Monday, July 14, 2008

Life As We Knew It by Susan Beth Pfeffer

Life as We Knew It by Susan Beth Pfeffer
Copyright 2006
Harcourt, Inc./Young Adult Fiction
337 pages

Right now I'm reading about the American Revolution.
The soldiers had a tough time of it at Valley Forge.
My heart bleeds for them. [p. 276]

6-word review: Moon's orbit altered by meteor; disaster!

A great deal has been said about this post-apocalyptic young adult novel in the blog world, lately. I'm not sure I have much to add, but I really enjoyed Life as We Knew It, in spite of the fact that the word "harrowing" describes it well. The book is told from the viewpoint of Miranda, in journal form, and was written in a more simplistic form than I anticipated. But I thought it worked for the journal of a teenager. There's the usual teen angst before the meteor hits; and then, the world becomes a different place as the moon's changed orbit sets off immediate tidal waves that cause massive devastation, followed by volcanoes, earthquakes and dramatic climate change.

Why on earth do some of us enjoy post-apocalyptic literature? My viewpoint: The end of life as we know it is an endlessly fascinating "What if?" that can be imagined from numerous angles and really makes you ponder the skills we've lost, what we would have to learn to get by, how we would cope as individuals in a time of disaster, and just how bad it could really get.

Anyone who lived throught the after-effects of Hurricane Katrina or has been through some other major natural disaster (tsunami, earthquake, flood -- there have been plenty, in recent years) can probably relate Life As We Knew It on some level. I found myself reflecting back to our time without power, cell and telephone service after Katrina. The inability to find out what the heck happened out there; the panic as reality set in; the discomfort and boredom; the mile-long gas lines, fights over gasoline and the eventual dollar limits and security; the empty grocery shelves and bare freezers, immediately stripped as they were stocked . . . all of that happens in Life as We Knew It, just as it happened in real life.

The only thing I didn't like about the book: The two Christian characters in the book were portrayed pretty much as a lunatic and a greedy . . . um, bastard. Not sure how else to describe the minister, but he was really nasty and Miranda's friend Megan was just flat delusional. Faith is not always radical and I really find it horrifying when belief in God is portrayed in such a narrow way.

3.5/5 - Worth reading because it makes you think.

Other reviews, here:


  1. I had some of those concerns myself. As in I didn't think those "Christian" characters had anything to do with Christ.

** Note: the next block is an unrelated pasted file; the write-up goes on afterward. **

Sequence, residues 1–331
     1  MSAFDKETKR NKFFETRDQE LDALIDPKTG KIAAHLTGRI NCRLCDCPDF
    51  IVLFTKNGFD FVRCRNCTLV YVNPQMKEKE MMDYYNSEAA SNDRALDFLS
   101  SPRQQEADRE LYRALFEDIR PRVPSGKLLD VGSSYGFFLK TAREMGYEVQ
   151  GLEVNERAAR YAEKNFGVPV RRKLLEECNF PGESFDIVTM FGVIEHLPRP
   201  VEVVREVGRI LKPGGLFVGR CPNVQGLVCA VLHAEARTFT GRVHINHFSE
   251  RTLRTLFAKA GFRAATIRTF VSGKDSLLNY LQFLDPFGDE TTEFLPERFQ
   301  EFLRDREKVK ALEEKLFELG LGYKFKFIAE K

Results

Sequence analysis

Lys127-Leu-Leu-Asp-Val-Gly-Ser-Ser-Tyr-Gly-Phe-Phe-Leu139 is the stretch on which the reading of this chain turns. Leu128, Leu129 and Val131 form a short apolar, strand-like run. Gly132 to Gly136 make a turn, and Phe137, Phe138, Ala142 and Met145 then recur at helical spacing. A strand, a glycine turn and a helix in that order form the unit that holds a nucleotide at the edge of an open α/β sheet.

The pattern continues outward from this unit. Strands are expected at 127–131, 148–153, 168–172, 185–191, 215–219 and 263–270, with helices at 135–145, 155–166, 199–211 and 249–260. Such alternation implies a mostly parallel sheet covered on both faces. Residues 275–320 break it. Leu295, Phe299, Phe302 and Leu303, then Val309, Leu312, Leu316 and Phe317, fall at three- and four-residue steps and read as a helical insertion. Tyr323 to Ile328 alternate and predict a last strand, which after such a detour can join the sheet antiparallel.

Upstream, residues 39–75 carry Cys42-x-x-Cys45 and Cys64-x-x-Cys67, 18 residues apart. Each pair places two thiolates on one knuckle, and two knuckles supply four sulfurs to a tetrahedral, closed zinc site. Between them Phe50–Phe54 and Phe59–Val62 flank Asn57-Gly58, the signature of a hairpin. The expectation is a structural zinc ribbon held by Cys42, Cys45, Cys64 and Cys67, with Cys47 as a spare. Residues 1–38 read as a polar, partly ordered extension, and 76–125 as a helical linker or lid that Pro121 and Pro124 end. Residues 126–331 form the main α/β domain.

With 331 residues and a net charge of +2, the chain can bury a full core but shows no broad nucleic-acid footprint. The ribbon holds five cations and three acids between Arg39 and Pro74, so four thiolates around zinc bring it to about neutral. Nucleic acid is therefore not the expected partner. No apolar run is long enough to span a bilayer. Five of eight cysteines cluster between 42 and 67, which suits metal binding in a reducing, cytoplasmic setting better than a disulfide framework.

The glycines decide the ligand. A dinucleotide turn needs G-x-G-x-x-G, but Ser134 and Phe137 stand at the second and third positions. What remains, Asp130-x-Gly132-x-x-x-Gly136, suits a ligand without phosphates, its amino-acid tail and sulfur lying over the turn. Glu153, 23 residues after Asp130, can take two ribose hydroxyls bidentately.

For a more positive spin (mostly) on how faith has an impact, you might want to try THE DEAD AND THE GONE in which we see what the Catholic church does in response. It's much more faith-friendly than Life As We Knew It. It's a companion novel. Set in New York City. Narrated by a 17 year old boy, Alex.

  2. Glad you liked it Nancy :) I had a problem with the religious thing too when I read it. I don't like it when religion is portrayed as just one big bad monster either. With that being said though, she balances things out in her second book, The Dead and the Gone. In that book, the church plays a hugely positive role. I'm curious as to why it was so negative in this book and why it was so positive in the second book. I guess she wanted to show how different people react to the same situation. Looking at the series as a whole, I can see her point, but she had to have seen that she was going to take some criticism when just this book was out!

  3. I'm due to read another Young Adult book and you know how much I love those post-apocalyptic tales, so this is definitely going on my list.

  4. I've heard about this one, but I hadn't paid enough attention to actually know what it's about. If I run across it at the library I think I might give it a go.

  5. Becky,

    That's a great way to put it, I don't think those "Christian" characters had anything to do with Christ. Maybe the author was trying to show that belief in a higher power can easily be twisted to the point that it's not really anything but the individual's will? Or something like that! :)

    I've already put The Dead and the Gone on my wish list. Not sure I can wait, though! I'm going to look for a copy, today.


    I don't like it when religion is portrayed as just one big bad monster

    My sentiments exactly, and very well stated. You could be onto something. Maybe the author wanted to show two ends of the spectrum. It would have been nice if she'd balanced the religious aspect better, but that was my only complaint about the book. I'd have read The Dead and the Gone, anyway, but I'm looking forward to it even more, now. :)